Manny Machado landed in San Diego, Nolan Arenado is staying in Colorado, and the Yankees are running out of backup plans if Miguel Andujar doesn't live up to the club's expectations in 2019.
The Yankees have remained confident that Andujar can show the necessary improvement defensively at third base to go along with the exceptional offensive production he's already displayed. Andujar worked diligently this offseason to hone his defensive skills, even leaning on the tutelage of potential Hall of Fame third baseman Adrian Beltre. As such, the Yankees current plan to see how the soon-to-be 24-year-old Andujar advances this season makes absolute sense.
Despite Andujar's best efforts, there are some who believe that any improvement will be negligible and push the Yankees to look elsewhere for the answer at the hot corner in 2020 and beyond.
Here are some options for the Yankees should they decide to eventually move on from Andujar...
The former AL MVP signed a pillow contract with the Braves this offseason, hoping to reset his value, which took a hit due in part to questionable health.
Donaldson played in 52 games in 2018, hitting .246 with a .352 on-base percentage and a .449 slugging percentage in 219 combined plate appearances with Toronto and Cleveland. He stroked 14 doubles, eight home runs, and drove in 23 for the 2018 season, which demonstrates the pop is still there.
If Donaldson stays healthy and rebounds, he could be sought after in the next free agent period by several clubs. At 34 next season, Donaldson is clearly in the age range in which total contract values have declined, though he is getting paid a handsome $23 million salary this season.
The changing market dynamic benefits the Yankees, who do not seem intent on signing players in their 30's for more than a couple of seasons at a time.
The Yankees might have the answer in-house in LeMahieu, who is signed with New York through the 2020 season.
LeMahieu is being viewed as the jack-of-all-trades infielder for the Yankees this season, with third base among the positions he'll cover. He is an elite defensive second baseman that possesses enough athleticism to believe that he can handle moving around the infield.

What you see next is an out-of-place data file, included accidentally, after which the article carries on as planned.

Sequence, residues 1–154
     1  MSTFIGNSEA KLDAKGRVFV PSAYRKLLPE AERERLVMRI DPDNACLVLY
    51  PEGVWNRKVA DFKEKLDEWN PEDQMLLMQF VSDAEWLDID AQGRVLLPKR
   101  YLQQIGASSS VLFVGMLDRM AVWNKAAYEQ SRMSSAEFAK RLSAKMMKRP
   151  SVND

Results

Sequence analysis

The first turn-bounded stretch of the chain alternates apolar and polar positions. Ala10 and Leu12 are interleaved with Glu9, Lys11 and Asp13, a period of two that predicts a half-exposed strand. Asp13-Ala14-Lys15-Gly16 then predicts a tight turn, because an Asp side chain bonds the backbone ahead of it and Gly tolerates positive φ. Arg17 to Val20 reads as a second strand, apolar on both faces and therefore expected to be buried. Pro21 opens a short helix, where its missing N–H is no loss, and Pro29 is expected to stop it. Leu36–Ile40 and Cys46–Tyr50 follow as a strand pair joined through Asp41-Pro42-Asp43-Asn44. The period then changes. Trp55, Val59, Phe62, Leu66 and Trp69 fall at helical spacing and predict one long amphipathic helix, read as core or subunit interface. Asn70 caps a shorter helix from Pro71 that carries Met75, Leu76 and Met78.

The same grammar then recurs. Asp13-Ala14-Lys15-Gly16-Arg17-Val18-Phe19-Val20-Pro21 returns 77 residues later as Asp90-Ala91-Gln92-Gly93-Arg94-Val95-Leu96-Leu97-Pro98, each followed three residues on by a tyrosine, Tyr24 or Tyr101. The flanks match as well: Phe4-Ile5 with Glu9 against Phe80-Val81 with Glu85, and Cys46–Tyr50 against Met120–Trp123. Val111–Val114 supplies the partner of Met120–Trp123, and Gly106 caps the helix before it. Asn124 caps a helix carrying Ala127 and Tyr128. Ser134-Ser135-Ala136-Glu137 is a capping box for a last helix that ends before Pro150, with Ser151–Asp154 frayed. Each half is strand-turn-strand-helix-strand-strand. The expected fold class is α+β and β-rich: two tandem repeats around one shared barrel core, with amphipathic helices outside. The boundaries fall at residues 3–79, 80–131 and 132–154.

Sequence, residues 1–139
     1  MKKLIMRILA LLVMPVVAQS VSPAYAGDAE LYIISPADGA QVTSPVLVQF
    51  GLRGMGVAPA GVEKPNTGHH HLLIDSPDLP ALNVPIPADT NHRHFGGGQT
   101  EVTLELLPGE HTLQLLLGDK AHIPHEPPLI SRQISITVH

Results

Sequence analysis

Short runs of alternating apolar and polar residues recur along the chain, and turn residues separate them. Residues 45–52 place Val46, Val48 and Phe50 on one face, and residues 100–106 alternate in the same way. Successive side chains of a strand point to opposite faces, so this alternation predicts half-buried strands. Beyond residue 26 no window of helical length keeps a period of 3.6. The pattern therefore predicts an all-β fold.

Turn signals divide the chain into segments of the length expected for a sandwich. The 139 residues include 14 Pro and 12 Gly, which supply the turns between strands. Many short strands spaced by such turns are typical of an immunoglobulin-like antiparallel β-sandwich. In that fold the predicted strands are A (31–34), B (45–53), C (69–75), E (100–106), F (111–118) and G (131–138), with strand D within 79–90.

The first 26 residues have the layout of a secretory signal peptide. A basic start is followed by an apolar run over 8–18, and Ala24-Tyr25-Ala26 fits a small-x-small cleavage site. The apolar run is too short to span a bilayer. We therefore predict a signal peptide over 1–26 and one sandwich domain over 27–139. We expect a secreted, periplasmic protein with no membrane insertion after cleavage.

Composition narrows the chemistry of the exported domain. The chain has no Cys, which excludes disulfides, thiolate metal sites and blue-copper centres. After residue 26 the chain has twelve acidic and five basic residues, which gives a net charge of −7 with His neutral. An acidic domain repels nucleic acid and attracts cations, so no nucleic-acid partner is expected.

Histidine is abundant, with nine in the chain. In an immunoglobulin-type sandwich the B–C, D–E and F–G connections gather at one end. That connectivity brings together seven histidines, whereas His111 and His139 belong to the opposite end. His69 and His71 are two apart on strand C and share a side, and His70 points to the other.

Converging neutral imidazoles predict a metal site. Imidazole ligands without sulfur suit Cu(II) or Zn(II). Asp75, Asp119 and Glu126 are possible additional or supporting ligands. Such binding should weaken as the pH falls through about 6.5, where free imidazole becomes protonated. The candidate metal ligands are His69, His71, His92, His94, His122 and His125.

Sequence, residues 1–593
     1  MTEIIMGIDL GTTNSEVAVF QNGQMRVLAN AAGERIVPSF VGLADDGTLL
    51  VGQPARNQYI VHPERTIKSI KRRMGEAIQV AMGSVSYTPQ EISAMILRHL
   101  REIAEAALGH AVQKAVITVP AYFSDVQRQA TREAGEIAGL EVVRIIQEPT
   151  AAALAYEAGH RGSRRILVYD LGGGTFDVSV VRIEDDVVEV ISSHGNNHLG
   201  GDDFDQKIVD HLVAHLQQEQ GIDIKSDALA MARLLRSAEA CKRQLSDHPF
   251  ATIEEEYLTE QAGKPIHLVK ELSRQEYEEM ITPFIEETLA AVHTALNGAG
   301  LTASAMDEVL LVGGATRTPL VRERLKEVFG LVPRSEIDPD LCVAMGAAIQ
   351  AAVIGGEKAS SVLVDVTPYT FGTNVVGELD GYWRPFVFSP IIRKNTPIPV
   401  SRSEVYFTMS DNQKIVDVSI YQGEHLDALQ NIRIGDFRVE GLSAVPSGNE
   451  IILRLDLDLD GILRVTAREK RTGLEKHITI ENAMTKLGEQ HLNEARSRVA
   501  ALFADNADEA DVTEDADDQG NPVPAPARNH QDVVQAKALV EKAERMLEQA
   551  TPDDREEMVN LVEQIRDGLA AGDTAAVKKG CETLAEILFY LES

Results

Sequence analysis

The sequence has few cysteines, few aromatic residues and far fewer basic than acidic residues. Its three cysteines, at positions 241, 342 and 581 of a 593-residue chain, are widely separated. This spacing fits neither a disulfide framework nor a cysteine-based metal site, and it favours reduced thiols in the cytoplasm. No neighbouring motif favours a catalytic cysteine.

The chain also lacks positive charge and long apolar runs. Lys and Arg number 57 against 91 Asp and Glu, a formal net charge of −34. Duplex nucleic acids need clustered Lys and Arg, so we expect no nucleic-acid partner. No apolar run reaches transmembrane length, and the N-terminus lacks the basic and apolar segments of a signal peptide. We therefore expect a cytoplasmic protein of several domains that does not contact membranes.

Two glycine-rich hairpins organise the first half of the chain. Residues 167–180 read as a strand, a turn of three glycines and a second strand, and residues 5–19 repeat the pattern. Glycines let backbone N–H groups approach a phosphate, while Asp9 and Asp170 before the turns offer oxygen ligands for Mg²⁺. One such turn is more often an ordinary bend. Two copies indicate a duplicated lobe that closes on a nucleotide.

LeMahieu does not nearly possess the offensive makeup of Andujar, but he could make up for it on the defensive end at third base. It's unlikely that he would be the Yankees' first choice if they abandon Andujar, but he might represent a decent fallback option.
While it's entirely possible the Nationals come to extension terms with Rendon, if he hits the open market, the Yankees would be wise to determine if he fit the club's parameters. Rendon will play in his age-30 season in 2020, so the contract might not be too restrictive for the Yankees, who showed Monday with Aaron Hicks that they will pay for a player through his mid-30s.
Rendon has fully come into his own as a hitter over the last two seasons, reaching OPS+ marks of 139 and 137 in 2017 and 2018, respectively. He had a down defensive season per advanced metrics in 2018, though that followed two strong seasons with the glove.
A player that has the ability to hit and defend his position at an elite level like Rendon would clearly make sense for the Yankees to speak with if his services are not secured by his current club.
There is nothing wrong with the Yankees methodology where it concerns Andujar, and it would be excellent for New York if he can simply become an average defender provided his offensive production doesn't tail off.
That said, the Yankees should not be deemed impatient by moving on if Andujar cannot put it together in 2019, especially if an option they believe can deliver at both ends is available.